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There are many ways you can help children and their families get the care they need.
By Darren Orbach, MD, PhD, director, Neurointerventional Radiology, Boston Children’s Hospital
This article is a condensed version of a paper by Orbach and colleagues published October 24, 2013 in the American Journal of Neuroradiology.
Neurointerventions have dramatically improved the clinical outlook for children with previously intractable cerebrovascular conditions, such as vein of Galen malformations and complex arteriovenous fistulae. Preoperative embolization, even in the youngest patients, can make surgical resection of arteriovenous malformations and vascular tumors dramatically safer. However, these complex, sometimes lengthy neurointerventional procedures are performed under fluoroscopic guidance, exposing vulnerable pediatric patients to the effects of ionizing radiation.
What is the risk?
In predicting the likely side effects of medical radiation, such as x-rays, physicians and scientists have traditionally relied on data gathered from Japanese survivors of the atomic bomb explosions in Hiroshima and Nagasaki during World War II. Survivors living some distance away were exposed to low radiation levels comparable to what patients might receive during medical imaging. We know from these data that children, particularly infants, are most vulnerable to such radiation. While the Japanese survivors had whole-body exposure, the ionizing radiation used in medical imaging is focused on one body part, and there has been interest in tracking these patients’ long-term outcomes.
Recent epidemiologic evidence from a U.K. national registry of children undergoing CT scans of the head suggests a higher incidence of secondary tumors than would have been expected from the Japanese survivor data. Given that neurointerventional procedures involve x-rays, which typically deliver higher doses of radiation than CT scans, we sought to calculate the risk for secondary tumors in a large cohort of pediatric neurointerventional patients seen at Boston Children’s Hospital. We tabulated the radiation dose delivered to the skin and calculated the range of likely doses absorbed by the brain, using previously developed mathematical models. We then generated a predicted risk for secondary tumor development in our cohort as a function of brain-absorbed dose, using the U.K. registry findings.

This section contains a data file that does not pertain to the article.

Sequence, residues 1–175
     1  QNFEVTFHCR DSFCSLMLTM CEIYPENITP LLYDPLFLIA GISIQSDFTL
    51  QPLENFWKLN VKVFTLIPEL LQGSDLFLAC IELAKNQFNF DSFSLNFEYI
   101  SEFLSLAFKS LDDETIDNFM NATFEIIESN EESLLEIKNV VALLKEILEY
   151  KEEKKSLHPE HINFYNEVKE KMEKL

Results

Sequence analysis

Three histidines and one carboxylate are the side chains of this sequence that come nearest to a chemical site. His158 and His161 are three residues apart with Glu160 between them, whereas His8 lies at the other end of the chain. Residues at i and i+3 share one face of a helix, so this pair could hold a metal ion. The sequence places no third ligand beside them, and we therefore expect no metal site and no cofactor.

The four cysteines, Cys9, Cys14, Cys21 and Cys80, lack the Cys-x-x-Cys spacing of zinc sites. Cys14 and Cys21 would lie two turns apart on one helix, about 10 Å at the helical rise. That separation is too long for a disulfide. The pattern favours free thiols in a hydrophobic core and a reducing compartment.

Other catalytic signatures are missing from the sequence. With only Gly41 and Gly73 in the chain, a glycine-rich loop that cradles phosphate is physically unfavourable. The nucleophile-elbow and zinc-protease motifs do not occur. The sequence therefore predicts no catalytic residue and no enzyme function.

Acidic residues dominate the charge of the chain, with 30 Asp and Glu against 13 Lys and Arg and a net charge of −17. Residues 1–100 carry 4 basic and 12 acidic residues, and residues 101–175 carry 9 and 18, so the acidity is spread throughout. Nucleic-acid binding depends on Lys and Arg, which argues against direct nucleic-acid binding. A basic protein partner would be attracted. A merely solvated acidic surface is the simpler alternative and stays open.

Minimizing radiation exposure
Fortunately, several operator-dependent variables can dramatically reduce radiation dose. As a dedicated pediatric facility with expertise in imaging and neurointerventions in children, our fluoroscopic systems have been highly optimized. Our in-house physicist worked closely with the equipment vendors to minimize radiation dose and to demonstrate that we could achieve high-quality imaging at low doses. We adjusted every possible technical factor, using pulsed fluoroscopy, aggressive filtration and automated dose rate control; minimizing the air gap between patient and detector; making maximal use of image-hold technologies and using age- and sex-specific lead shields.
With these adjustments, our study found that the maximal skin- and brain-absorbed doses in our cohort were several-fold lower than those previously described. In practice, we often find that patients who are referred to us after undergoing procedures at primarily adult facilities have received a radiation dose several times higher than it would have been in our hands.
Despite decreased radiation exposure, however, we found an increased lifetime predicted risk of tumors in the cohort of young children undergoing neurointerventions, based on the U.K. head CT registry data. The increase was greatest in the youngest patients and in those undergoing repeated procedures.
Weighing risks and benefits
All children undergoing neurointerventions face conditions that are life-threatening or pose a risk of severe neurological impairment, and thus the risk-benefit ratio impels treatment. However, when there are few data to buttress multiple repeated interventions, the lifetime risks of radiation exposure in children must be added to the procedural risks of vascular injury. Particularly in the youngest patients, practitioners should consider the risk of radiation dosage in comparing treatment alternatives and in determining the number of acceptable rounds of neurointerventional procedures. Our data support the treatment of children at specialized centers, where fastidious attention to radiation dose can assure minimal needed exposure.
The future of pediatrics will be forged by thinking differently, breaking paradigms and joining together in a shared vision of tackling the toughest challenges before us.”